It's nice that the AUSA mentioned in the opinion is so morally challenged that his or her actions need to be mentioned in a court case as being potentially a breach of an agreement with the opposing party.
2.5.2008 3:33pm
titus32:
The opinion states that these guys were charged with "robbery"--can someone remind me the elements of the federal crime of robbery? It can't just be common law robbery, right?
2.5.2008 3:33pm
Cornellian (mail):
They arrived at the library dressed as “old men” — makeup, wigs, hats, and costumes, such as “one would typically see worn in a play or some other type of theatrical performance” — but aborted the plan at the last minute. The exact reason for aborting is unclear; they may have seen a flaw in the plan or simply panicked, though it was suggested that a student, unaware of the impending robbery, recognized one of them and asked what they were doing in those ridiculous costumes. The costumes were sufficiently ridiculous that two library employees, including Susan Brown, the Director of the Library, noticed them, but merely assumed some sort of college prank or goof.

Damn, those guys are geniuses!

I'm guessing they weren't majoring in astrophysics.

Interesting, by the way, that the name of the place is "Transylvania University"
2.5.2008 3:33pm
Cornellian (mail):
Lipka and Borsuk scrambled into the waiting van and Allen sped away, though not before Ms. Brown had scratched the van with a key in an attempt to mark it for later identification.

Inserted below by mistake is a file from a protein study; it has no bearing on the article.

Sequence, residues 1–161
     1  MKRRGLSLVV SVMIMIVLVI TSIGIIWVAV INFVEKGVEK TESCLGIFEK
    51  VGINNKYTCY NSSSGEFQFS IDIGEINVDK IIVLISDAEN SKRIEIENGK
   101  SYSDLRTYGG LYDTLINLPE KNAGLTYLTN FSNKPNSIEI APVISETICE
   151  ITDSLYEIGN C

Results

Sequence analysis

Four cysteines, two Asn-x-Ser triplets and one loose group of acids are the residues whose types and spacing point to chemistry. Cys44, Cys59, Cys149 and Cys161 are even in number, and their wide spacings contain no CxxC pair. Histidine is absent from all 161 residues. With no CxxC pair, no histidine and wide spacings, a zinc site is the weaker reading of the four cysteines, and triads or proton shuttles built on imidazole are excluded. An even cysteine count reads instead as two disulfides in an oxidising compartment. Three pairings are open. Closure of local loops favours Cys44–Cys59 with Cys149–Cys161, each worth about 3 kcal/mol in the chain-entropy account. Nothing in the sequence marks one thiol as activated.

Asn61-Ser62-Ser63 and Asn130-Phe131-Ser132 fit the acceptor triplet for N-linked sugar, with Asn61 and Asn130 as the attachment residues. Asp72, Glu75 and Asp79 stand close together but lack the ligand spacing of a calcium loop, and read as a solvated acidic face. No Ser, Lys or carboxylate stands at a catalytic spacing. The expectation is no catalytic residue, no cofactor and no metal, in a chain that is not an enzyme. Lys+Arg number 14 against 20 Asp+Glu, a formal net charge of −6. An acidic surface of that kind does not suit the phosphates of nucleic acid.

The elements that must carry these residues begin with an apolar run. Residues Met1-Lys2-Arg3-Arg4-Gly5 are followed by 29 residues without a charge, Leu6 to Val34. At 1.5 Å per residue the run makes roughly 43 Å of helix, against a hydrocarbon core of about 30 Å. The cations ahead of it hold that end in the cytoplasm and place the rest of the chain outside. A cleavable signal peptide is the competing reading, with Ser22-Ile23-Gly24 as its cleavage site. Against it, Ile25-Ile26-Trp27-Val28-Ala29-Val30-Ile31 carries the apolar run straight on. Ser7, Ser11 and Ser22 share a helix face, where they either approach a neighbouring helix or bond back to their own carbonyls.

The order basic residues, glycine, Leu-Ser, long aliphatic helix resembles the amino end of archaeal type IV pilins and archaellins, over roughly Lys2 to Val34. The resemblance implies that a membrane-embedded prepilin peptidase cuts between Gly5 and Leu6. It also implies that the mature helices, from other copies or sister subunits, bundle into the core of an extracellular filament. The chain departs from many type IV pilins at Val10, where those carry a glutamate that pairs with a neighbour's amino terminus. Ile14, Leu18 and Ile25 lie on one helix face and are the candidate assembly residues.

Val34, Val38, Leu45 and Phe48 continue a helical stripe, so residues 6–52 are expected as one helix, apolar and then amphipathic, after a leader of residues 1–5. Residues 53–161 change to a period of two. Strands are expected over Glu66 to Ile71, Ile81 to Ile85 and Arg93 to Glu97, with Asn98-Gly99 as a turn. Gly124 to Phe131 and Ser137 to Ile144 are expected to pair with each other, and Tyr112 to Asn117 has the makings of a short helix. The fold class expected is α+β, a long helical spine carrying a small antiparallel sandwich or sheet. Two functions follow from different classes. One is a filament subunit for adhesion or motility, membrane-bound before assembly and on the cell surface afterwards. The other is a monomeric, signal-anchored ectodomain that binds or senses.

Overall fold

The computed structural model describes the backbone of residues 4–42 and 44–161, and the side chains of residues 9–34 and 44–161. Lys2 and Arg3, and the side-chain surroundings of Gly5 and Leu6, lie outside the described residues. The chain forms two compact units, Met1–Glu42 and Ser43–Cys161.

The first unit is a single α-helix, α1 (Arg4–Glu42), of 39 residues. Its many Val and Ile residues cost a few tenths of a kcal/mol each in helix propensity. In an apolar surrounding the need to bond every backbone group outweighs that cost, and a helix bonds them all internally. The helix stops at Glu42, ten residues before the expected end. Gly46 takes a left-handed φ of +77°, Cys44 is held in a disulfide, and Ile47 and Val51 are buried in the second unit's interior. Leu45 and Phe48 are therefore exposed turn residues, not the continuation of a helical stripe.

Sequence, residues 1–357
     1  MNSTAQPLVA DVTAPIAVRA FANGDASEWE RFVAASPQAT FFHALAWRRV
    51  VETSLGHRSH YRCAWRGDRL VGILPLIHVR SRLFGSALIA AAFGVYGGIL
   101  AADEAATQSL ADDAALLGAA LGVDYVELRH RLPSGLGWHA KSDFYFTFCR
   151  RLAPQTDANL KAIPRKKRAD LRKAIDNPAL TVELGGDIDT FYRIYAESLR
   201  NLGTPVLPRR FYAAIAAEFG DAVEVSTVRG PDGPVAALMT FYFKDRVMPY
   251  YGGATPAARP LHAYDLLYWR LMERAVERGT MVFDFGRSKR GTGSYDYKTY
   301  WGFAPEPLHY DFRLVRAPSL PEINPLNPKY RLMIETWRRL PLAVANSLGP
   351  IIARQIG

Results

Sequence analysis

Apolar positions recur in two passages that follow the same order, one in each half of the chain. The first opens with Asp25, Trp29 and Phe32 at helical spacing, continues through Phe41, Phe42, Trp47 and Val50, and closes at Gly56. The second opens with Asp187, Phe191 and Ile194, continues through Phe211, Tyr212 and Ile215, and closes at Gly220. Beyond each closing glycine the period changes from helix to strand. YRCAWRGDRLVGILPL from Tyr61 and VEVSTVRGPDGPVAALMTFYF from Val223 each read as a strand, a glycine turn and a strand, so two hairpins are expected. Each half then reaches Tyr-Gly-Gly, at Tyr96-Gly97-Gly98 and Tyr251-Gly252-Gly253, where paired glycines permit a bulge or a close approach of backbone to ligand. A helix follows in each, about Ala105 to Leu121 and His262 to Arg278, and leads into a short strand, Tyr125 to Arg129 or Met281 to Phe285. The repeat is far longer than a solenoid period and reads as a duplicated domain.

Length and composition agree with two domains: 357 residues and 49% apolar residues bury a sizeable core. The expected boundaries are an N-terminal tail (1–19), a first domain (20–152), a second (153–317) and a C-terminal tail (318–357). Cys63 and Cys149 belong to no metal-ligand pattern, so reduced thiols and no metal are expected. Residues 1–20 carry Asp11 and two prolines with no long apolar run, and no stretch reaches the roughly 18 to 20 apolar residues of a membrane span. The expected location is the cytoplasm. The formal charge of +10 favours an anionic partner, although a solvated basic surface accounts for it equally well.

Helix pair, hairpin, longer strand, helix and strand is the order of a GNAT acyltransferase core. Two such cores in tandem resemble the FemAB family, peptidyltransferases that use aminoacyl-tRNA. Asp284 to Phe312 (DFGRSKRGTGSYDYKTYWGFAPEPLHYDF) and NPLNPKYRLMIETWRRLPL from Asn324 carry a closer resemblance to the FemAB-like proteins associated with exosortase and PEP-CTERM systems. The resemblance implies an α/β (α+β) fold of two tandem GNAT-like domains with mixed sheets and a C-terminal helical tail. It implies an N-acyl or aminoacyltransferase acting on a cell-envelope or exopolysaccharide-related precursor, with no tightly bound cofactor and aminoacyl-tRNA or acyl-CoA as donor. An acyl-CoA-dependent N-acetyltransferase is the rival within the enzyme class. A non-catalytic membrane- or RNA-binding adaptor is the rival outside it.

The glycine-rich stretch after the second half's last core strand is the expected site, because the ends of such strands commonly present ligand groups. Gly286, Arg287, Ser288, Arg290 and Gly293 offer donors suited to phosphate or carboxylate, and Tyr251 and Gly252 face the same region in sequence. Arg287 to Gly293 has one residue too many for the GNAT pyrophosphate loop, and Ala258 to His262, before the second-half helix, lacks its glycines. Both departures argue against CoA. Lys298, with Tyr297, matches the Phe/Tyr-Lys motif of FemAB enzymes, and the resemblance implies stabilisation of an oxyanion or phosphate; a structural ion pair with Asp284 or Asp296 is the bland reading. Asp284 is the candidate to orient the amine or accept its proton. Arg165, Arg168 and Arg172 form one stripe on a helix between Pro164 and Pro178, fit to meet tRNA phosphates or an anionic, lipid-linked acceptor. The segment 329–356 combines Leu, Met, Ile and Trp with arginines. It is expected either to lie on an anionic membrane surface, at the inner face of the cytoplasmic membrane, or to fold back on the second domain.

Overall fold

Somehow, one doesn't expect librarians to be so aggressive.
2.5.2008 3:36pm
Cornellian (mail):
I think the sentencing guidelines should take into account the staggering stupidity of a defendant, but I'm not sure whether that should increase the sentence (to protect both the defendant and society from his stupidity) or decrease the sentence in recognition of the entertainment value that we all derive from being able to read about his adventures in the land of people with an IQ.
2.5.2008 3:39pm
Doug Sundseth (mail):
"Somehow, one doesn't expect librarians to be so aggressive."

Have you ever failed to shush when the librarian said, "Shush!"? (I haven't either, and now you know why.)

8-)
2.5.2008 3:44pm
Anderson (mail):
This has GOT to be made into a movie ... with a portion of the proceeds going to the TU library ....
2.5.2008 3:47pm
JonC:

can someone remind me the elements of the federal crime of robbery? It can't just be common law robbery, right?


Titus, 18 USC 1951(a) (a/k/a the Hobbs Act) reads:


Whoever in any way or degree obstructs, delays, or affects commerce or the movement of any article or commodity in commerce, by robbery or extortion or attempts or conspires so to do, or commits or threatens physical violence to any person or property in furtherance of a plan or purpose to do anything in violation of this section shall be fined under this title or imprisoned not more than twenty years, or both.